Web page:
Firefly Ep. 3: Our Mrs. Reynolds
I just finished watching Episode 3 of the show I love to tear open, Firefly. In this episode, the beloved crew of Serenity take on a castaway named Saffron who ends up proclaiming herself as Mal’s wife because of some baroque ritual on her planet that he participated in, ignorant of its deeper meaning. If this sounds familiar, congratulations! You have a passing familiarity with a lot of really bad one-off episodes of a lot of mediocre sitcoms!
In all honesty, this episode was a fair deal better than the first two. It’s still barely passable and nowhere near the critical acclaim it has been handed, but we’re working toward almost being…respectable! That’d be a milestone that ol’ Jossie-boy has yet to earn from me. I’ve hated everything to ever come out of this bonehead’s noggin.
A lot of what redeems this episode is guest star Christina Hendricks, who plays Saffron. You might know her as the sassy broad from Mad Men. Her acting is phenomenal, she is a hell of a lot more believable than 90% of the cast, and she’s just downright awesome toward the end. I won’t spoil what she does to earn this, but trust me: it’s something I’ve been looking forward to for a long time.
I’m usually not one to pick on poor pacing, but for fuck’s sake: we are three episodes in and there is still not an overarching plot narrative to be found, or even a hint of one. Now, I admit, I love a lot of anime where the themes of the main narrative take several episodes to be revealed, but those are half-hour shows with a great deal of action and fun to keep everything interesting. Here, the only interesting things are Christina Hendricks’ boobs, and I’m sorry: they aren’t enough to carry an entire episode (though not for lack of ampleness).
Wherever a true plot narrative might be uncovered, we’re left with naught but confusion and poor writing. I think I am getting closer to the identity of the “Companion” chick (should have figured Whedon would make an interstellar whore character!), but I’ll be damned if I can remember her name, or why she’s on the ship, or even what her deal is. Besides that, there’s really nowhere for this season to go. There’s nothing that happens that lasts from episode to episode. There’s no reason to pay close attention to each episode. Everything is status quo from the beginning. For a supposed drama, going nowhere and expecting your audience to stay motivated to follow along is a sizable bill of goods.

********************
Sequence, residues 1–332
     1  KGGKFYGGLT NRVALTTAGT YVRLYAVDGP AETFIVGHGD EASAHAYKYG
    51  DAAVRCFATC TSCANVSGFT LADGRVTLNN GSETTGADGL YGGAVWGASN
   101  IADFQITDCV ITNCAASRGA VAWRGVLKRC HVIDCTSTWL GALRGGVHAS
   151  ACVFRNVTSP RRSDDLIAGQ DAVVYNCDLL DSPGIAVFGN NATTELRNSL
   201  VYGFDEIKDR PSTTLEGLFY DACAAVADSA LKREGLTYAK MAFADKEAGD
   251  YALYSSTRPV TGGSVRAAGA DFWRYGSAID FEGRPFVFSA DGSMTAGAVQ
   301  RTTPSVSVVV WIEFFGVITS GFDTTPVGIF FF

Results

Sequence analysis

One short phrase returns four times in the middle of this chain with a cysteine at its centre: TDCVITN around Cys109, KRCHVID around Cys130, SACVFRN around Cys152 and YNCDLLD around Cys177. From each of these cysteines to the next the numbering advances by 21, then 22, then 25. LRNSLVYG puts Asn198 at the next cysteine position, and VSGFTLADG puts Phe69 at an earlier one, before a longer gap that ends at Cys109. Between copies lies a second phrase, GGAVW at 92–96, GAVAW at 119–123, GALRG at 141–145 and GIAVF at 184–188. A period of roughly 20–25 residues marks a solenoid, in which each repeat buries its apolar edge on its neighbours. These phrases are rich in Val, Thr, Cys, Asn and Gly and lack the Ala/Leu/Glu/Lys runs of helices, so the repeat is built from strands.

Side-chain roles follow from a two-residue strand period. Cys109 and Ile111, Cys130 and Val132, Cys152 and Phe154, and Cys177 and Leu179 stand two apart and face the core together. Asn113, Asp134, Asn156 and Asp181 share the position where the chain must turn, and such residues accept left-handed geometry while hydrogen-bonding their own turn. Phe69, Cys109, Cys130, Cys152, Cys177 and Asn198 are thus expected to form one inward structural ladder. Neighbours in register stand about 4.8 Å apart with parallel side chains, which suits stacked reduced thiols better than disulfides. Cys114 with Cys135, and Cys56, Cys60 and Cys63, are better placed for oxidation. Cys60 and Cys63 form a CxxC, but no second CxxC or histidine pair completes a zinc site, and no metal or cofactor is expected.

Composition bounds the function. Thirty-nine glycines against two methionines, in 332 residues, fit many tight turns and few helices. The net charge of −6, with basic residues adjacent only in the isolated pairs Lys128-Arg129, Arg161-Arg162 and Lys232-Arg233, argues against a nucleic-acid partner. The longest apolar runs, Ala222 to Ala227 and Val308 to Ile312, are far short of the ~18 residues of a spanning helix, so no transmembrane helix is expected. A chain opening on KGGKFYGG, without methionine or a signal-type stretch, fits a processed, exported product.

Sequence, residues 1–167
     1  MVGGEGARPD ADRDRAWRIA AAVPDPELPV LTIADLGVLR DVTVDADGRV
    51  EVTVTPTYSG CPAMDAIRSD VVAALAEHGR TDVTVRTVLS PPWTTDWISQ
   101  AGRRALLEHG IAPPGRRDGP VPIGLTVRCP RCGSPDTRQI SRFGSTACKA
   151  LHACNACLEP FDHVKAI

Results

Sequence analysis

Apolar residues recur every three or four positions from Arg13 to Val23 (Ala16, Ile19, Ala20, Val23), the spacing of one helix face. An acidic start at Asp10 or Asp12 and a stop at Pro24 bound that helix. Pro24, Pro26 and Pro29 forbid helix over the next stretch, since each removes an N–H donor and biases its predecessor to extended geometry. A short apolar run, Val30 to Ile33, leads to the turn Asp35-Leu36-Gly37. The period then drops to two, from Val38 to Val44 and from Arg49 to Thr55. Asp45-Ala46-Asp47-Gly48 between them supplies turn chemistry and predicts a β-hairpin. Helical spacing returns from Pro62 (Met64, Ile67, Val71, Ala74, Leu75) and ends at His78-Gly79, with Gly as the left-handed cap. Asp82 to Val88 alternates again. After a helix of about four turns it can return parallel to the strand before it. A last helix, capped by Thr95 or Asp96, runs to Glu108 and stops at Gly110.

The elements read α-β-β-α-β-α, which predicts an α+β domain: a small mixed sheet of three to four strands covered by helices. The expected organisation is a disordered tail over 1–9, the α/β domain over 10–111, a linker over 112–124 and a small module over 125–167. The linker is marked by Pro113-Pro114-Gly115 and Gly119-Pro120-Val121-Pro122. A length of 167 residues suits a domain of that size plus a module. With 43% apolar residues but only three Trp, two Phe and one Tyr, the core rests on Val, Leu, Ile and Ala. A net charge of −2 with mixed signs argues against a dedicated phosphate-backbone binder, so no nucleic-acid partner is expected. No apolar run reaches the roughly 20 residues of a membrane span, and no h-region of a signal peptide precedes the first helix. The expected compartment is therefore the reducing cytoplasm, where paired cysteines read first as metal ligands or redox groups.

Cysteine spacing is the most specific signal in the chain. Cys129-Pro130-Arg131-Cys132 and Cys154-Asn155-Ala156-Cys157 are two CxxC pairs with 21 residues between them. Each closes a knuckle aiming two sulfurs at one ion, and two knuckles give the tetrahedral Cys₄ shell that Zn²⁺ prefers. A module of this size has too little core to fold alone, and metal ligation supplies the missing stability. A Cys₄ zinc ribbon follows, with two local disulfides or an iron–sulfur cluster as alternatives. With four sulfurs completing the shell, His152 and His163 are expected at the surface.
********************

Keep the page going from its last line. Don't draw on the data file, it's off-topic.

Whedon’s author filibusters have been some of the most egregious in the entirety of modern Western fiction, and they are no better here. Mal is Whedon’s Gary Stu, and it shows through the very atheist/feminist views this supposedly battle-hardened captain spews on a regular basis. And I’m not saying there’s anything at all wrong with being a feminist or questioning the existence of a Supreme Being, but it sounds very tacky and out of place for characters in a science fiction show to preach controversial social commentary. Call me old-fashioned.
Anyway, back to my specific nags with this episode. I called the plot twist about ten minutes in, and I wasn’t the least bit surprised when it turned out that I was vindicated twenty minutes later. After a while of watching Whedon, you start to get a feel for how his creative mind works. Jossie-boy is a fan of the trite, the familiar, the ever-so-subtle hijack of themes from other, better forms of media. As soon as you realize that, you can pretty much call him out anytime.
Another actor from this show that is starting to become very good is Alan Tudyk, who plays the pilot. Again, this show is nowhere near compelling enough for me to start remembering names, so don’t ask. He’s still a little hammy, but he looks like Humphrey Bogart compared to the over-the-top, commercial-grade cheese of Jewel Staite and the Baldwinmeister.
So, that’s about all I’ve got. This series is starting to kill brain cells, so I think the next episode needs to wait a week. Stay tuned: something tells me we’re nearing some good old-fashioned badness to sink our teeth into.